Mysteries of the Running Shoe Revealed

So you walk into the running store. You look here, you look there. There's so much variety that the shoes pile up like some perverse Cinderella story. They all look spiffy enough. They all seem to have enough of that cushioning-gel-air stuff. How different could they be?

If you put that question to a salesperson, depending on the store, you'll get either a shrug or a lecture on medial posts and curved lasts and ethylene vinyl acetate. And you might get some questions, too -- about the altitude of your arch, the heft of your heel strike, and your proclivity for pronation.

Whew. Shoes are a lot more complicated than they used to be. But since there's nothing that gives the folks at Cool Running a warm-all-over feeling more than seeing educated consumers in action, we've put together a few pointers.

What are the choices?

For most recreational runners, a basic training shoe is all you'll need. Others, however, have specialized interests and thus need specialized shoes. Here's a look at the different flavors.

Trainers. The vast majority of running shoes out there are basic training shoes. More than anything else, trainers are built simply for protection -- protection from constant pounding on hard surfaces and from your foot's own instabilities. Compared to light trainers and certainly to racing flats, these shoes are tanks. Heavy and loaded for bear, they're built to last through the miles.

Most runners don't need any other type of shoe. While lighter shoes will let you run slightly faster (about a second per mile faster for every ounce), the injury prevention of trainers should be the big draw for most runners. And with the greater variety among training shoes, you stand a better chance of getting the right match for your foot.

Light trainers. Lightweight training shoes are a good middleground between trainers and racing flats. For those who want to slice a little time off their race speed, light trainers are a good way to go without sacrificing too much protective cushioning. It's really only worth the sacrifice, however, if you are a competitive runner racing with at least a seven-minute-per-mile pace. If your races are longer than 10K, stick with regular trainers; cushioning is likely to be more important than light shoes as the miles stretch on.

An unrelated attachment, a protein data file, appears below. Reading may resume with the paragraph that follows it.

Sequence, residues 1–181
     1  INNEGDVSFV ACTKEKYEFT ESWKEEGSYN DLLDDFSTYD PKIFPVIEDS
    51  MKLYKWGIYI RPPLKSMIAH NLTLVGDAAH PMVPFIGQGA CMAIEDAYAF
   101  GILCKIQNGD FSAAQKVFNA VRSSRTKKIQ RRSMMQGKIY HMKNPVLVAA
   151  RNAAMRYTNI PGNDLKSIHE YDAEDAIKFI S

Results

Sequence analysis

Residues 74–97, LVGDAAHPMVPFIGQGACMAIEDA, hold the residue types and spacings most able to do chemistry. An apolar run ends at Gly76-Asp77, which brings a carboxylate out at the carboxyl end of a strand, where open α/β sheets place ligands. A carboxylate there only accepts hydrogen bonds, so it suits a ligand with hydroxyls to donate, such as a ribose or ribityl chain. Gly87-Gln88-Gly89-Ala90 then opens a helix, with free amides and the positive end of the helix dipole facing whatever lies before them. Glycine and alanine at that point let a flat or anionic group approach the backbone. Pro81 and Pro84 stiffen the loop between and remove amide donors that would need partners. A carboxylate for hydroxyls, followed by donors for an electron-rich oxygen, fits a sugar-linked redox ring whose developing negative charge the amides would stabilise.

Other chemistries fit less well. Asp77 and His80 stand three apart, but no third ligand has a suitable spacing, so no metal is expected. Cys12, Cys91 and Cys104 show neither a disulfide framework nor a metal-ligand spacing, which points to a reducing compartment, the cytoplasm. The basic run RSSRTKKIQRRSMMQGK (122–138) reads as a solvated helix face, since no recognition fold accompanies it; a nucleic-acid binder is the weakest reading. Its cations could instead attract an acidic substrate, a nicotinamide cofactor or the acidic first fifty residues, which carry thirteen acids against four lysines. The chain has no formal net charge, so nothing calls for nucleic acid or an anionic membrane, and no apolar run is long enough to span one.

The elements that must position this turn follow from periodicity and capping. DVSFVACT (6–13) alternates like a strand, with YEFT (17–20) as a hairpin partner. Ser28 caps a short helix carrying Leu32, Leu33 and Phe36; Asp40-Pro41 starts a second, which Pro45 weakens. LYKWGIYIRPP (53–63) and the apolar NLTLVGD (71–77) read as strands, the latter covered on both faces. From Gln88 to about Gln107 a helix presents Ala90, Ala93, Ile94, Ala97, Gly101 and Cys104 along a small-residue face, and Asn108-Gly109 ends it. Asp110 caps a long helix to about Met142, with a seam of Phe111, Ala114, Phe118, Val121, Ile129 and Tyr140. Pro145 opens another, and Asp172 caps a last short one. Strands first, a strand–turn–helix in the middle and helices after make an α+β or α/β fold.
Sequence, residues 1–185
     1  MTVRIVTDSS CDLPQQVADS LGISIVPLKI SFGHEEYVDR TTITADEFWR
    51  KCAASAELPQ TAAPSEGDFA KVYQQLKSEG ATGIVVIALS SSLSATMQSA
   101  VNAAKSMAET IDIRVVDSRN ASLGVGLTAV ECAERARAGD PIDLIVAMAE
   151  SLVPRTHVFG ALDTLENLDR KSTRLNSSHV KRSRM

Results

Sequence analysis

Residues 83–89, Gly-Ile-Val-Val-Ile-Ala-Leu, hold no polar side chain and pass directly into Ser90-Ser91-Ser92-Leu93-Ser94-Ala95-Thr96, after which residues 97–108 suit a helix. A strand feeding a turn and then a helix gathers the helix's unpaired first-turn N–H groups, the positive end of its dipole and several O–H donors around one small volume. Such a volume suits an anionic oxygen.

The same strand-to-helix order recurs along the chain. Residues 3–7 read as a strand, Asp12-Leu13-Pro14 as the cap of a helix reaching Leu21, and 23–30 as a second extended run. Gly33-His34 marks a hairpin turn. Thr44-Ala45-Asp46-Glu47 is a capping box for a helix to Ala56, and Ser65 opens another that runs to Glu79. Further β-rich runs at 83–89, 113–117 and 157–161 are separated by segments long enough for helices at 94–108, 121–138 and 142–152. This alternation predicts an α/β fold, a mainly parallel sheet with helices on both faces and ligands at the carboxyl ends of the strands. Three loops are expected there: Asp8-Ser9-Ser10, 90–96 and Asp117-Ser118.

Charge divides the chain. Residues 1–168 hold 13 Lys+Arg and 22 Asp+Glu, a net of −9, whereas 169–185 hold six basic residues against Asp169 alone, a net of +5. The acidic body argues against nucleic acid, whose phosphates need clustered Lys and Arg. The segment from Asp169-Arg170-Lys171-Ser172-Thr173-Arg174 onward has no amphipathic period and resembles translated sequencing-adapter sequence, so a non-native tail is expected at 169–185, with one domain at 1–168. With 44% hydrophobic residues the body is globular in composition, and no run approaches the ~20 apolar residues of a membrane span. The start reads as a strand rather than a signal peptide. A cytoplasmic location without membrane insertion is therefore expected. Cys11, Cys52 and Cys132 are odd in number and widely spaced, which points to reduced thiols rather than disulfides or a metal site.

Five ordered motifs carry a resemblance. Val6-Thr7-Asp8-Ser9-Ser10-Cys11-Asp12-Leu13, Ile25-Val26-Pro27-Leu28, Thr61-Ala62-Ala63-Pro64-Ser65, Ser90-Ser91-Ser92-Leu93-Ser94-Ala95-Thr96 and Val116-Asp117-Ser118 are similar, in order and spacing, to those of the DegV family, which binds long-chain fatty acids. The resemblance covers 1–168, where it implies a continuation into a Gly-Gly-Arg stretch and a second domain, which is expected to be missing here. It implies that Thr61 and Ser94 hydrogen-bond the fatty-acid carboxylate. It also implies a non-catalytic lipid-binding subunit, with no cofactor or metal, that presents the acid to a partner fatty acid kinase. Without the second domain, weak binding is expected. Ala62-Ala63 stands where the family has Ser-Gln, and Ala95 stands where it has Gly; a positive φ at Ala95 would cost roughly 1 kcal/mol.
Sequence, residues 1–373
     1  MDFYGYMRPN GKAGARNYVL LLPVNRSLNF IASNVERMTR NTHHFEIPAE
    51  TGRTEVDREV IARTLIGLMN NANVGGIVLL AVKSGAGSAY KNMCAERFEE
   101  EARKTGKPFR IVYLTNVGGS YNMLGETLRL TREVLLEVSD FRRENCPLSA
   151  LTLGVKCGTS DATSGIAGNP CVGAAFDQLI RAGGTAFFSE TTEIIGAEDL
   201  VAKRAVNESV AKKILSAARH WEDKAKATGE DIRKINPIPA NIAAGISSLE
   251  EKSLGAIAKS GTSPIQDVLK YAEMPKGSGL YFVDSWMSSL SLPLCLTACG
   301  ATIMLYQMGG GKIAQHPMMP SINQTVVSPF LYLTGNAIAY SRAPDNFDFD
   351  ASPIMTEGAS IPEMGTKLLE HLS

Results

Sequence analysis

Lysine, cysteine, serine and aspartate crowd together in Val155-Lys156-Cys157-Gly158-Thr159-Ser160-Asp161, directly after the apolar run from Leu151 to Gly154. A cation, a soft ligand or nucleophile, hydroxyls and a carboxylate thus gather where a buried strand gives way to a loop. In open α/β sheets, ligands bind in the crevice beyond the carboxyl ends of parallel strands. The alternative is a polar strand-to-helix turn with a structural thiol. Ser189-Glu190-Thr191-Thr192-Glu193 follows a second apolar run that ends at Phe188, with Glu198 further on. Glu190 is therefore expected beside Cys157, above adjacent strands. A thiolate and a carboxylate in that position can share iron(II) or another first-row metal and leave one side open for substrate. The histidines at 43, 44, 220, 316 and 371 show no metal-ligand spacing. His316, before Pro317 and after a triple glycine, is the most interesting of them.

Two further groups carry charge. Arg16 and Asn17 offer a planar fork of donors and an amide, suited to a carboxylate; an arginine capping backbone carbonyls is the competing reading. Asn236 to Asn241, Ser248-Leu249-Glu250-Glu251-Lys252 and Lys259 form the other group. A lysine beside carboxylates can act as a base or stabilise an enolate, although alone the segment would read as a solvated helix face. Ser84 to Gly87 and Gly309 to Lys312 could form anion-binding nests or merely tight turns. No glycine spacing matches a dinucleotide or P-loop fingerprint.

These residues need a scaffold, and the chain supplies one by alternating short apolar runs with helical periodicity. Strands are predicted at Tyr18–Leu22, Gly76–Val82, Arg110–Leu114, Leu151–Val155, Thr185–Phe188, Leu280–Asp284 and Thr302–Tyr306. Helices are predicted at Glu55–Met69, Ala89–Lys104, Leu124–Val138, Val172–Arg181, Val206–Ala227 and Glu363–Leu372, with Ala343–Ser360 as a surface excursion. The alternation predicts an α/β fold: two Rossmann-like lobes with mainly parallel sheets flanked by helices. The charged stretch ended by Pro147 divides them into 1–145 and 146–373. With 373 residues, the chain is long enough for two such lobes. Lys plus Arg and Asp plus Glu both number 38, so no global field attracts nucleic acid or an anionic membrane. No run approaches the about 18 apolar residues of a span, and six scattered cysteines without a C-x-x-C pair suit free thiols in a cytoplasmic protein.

Be aware that because light trainers have less cushioning than trainers, their cushioning wears out faster. If you are going to buy these shoes, try to use them almost exclusively for racing, and stick with the trainers for the rest of your running. Do be sure, though, to break in your light trainers with some short runs and speedwork before taking them to the races.

Racing flats. Racing shoes are built strictly for speed. To increase flexibility and reduce weight, they have about 15 percent less cushioning than trainers and reduced support and durability. Often they have less heel lift, too, which makes for added strain on the Achilles tendon. The reduced protection of racing flats increases the risk of injury and makes them really suitable only for the hard-core competitive racer. For these runners, though, the benefits can be substantial since these shoes are typically three or four ounces lighter than trainers. Theoretically, the weight difference could take twenty to thirty seconds off of a 40-minute 10K time.

Racing flats should be used only during races. During your training runs, pamper your feet with the extra protection of a good pair of trainers. As with light trainers, though, you should break in your racing flats with some short runs and speedwork before wearing them to the starting line.

Trail shoes. As more and more runners fall sway to the call of the wild, interest in trail shoes has increased dramatically in recent years. Once upon a time, trail shoes were just slightly modified hiking boots. No longer. Heavy, water-absorbent leather has given way to light, breathable nylon mesh. The high-top boot has been transformed into a trail shoe that looks like, well, a running shoe.

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